Putin on WW II Hardships
by Stephen Lendman
May 9 marks the 70th anniversary of what Russians call the Great Patriotic War – representing victory over Nazi Germany.
No nation endured more and today gets less credit than Russia. Without its contribution, Hitler might have won.
No one knows for sure how many Russians perished. A 1993 Russian Academy of Sciences study estimated 26.6 million.
Some independent Russian researchers believe 40 million died – including combatants and civilians.
Millions more suffered serious injuries. Human misery endured can’t be quantified. Large parts of Russia were devastated.
Many years of rebuilding and recouping were required. Americans can’t imagine what Russians endured.
The National WW II Museum indicates 407,000 US military deaths – around 671,000 others wounded.
War didn’t touch US soil. Americans old enough to remember recall minor inconveniences – including rationing gasoline and other goods needed for the war effort.
Except for loved ones away at war, life was mostly normal. Conflict raged out of sight and mind.
Americans today mostly ignore Victory in Europe Day (May 8, 1945) and Victory over Japan Day – August 14 and 15 when Japan’s surrender was announced, or September 2 when done formally aboard the USS Missouri in Tokyo Bay.
Victory Day in Moscow is special. Kremlin officials invited 68 world leaders to participate in this year’s commemoration.
On April 30, Putin spokesman Dmitry Peskov said around 30 world leaders confirmed their plans to attend along with heads of international organizations.
Obama will be conspicuously absent. Other Western European leaders aren’t coming. Angela Merkel plans arriving on May 10.
She’ll join Putin laying wreaths at the Tomb of the Unknown Soldier. All countries involved in defeating Nazi Germany were invited. They should feel obligated and honored to attend.
Russia’s Foreign Ministry spokeswoman Maria Zakharova commented, saying:
“Nobody in the west is even hiding that the whole issue of not coming to Russia is not based on what the population of Europe thinks about the issue, but is owing to extreme pressure from Washington.”
“Everyone seems to have forgotten that heads of state are there to reflect the interests of their own countries and people.”
“No one has asked the European veterans of the second world war whether it is right to boycott those who lost hundreds of thousands of people while saving Europe from fascism.”
Its headquarters moved from Berlin to Washington – threatening world peace more than ever before in world history.
Putin calls Victory Day Russia’s “biggest holiday.” It commemorates its enormous sacrifices to defeat the scourge of fascism.
Ahead of commemorations next week, Putin commented on his family’s hardships during WW II – in a Russia’s Pioneer magazine op-ed.
He was born in October 1952, over seven years after war ended. “Frankly, father did not like even to touch this topic,” he said. “Usually I would listen to the adults share their memories.”
“It’s from these adult conversations that I drew all the information there was to know about the war, and everything that had happened to my family, although sometimes they would talk to me directly.”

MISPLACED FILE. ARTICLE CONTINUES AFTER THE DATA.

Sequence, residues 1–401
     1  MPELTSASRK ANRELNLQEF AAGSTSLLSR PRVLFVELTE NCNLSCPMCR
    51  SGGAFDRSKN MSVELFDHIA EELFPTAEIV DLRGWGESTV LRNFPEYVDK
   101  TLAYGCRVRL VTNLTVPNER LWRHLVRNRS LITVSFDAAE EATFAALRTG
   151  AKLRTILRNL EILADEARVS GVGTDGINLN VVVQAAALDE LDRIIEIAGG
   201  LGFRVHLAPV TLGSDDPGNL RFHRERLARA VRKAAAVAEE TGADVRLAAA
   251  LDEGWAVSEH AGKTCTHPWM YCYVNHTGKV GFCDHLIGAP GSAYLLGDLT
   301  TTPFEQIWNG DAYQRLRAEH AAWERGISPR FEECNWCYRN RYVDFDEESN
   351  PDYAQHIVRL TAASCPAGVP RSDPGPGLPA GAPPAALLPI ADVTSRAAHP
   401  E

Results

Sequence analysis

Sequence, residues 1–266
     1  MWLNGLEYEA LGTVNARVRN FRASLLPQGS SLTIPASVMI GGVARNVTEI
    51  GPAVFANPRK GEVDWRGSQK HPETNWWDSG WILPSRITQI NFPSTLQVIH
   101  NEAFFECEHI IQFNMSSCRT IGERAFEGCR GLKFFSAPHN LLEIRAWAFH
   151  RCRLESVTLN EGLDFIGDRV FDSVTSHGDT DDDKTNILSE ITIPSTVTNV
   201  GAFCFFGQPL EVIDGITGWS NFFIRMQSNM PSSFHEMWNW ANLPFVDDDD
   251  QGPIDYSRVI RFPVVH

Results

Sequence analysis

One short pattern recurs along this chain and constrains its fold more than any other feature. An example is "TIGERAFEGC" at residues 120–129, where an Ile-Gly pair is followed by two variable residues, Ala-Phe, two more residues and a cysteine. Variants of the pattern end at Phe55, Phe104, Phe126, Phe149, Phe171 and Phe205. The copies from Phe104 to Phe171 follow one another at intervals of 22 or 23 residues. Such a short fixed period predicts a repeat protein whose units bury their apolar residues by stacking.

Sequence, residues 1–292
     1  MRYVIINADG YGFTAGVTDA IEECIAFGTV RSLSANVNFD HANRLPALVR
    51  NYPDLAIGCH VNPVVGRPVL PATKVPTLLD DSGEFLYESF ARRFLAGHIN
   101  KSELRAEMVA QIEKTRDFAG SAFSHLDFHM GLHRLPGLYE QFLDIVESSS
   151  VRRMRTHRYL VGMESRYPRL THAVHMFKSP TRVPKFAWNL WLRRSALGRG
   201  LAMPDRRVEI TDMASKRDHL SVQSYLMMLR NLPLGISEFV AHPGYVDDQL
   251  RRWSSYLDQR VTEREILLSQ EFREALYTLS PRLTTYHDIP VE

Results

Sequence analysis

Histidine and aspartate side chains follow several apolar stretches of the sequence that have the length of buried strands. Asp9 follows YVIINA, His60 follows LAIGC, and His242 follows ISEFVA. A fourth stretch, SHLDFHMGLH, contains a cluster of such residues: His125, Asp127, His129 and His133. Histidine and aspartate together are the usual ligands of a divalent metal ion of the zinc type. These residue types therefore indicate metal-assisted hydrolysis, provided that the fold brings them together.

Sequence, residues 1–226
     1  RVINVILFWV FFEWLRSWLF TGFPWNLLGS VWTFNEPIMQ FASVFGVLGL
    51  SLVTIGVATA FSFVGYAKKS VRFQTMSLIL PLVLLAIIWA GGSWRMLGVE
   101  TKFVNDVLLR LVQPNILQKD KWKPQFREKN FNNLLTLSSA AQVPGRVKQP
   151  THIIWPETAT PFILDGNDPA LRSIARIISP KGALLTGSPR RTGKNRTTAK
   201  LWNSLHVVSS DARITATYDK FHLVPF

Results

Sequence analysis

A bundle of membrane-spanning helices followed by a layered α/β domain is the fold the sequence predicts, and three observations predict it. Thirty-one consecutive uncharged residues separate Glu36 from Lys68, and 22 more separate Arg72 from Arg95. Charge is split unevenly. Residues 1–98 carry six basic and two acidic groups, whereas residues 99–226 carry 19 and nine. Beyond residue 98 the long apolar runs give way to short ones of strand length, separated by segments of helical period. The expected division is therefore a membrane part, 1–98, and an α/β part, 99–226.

Putin’s father was a Soviet Russia submariner in the 1930s based in Sevastopol. He worked at a Leningrad military plant (today’s St. Petersburg) when Nazi Germany invaded in June 1941 (Operation Barbarossa).
He served at the front as a volunteer – sustained a severe leg injury. It “was a heavy one,” said Putin.
“He lived all his life with shell fragments in his leg that hadn’t been taken out…They left the smaller bits inside so as not to fracture the bone.”
Putin’s older brother was evacuated from Leningrad’s siege. He died from diphtheria. His mother was ill close to death when his father returned home at war’s end.
He nursed her back to health. They lived until their late 80s. Many Putin relatives perished during wartime.
His father had six brothers. Five died. “It was a disaster for the family,” said Putin. “Mother also lost her relatives. I was a late child. She gave birth to me when she was 41.”
“Despite all this grief, misery and tragedy, they harbored no hate for the enemy, which was difficult for me to understand.”
“Frankly, it still is…Mother was a very kind, gentle person…She said: ‘How can you hate these (German) soldiers?”
“They were ordinary people who died at war too…How can you blame them? They are hard workers like us. It’s just that they were sent to fight.’ “
“These are the words which I remember since my childhood.”
“There was not a family not having someone killed (in the war). There were, of course, sorrow, trouble, tragedy, but what is surprising is they did not feel hatred for their enemies.”
He still doesn’t understand it, he added. “Everything that my parents told me about the war was true. They did not make up a single word. They did not mix up a single day.”
For those who lived through it, the horror can’t ever be forgotten. It’s madness to risk repeating what could be much worse next time.
Pioneer magazine editor Andrei Kolesnikov called Putin’s comments “very sincere and intimate, maybe even too intimate.”
“Apparently, this topic still strikes a chord with” him. For sure it does for anyone old enough to remember – especially Europeans, East Asians and North Africans experiencing it directly.
Endless wars followed. Washington bears full responsibility for all major conflicts.
Lunatics in charge may have WW III in mind. Humanity may not survive the onslaught.
Stephen Lendman lives in Chicago. He can be reached at firstname.lastname@example.org.
His new book as editor and contributor is titled “Flashpoint in Ukraine: US Drive for Hegemony Risks WW III.”
Visit his blog site at sjlendman.blogspot.com.
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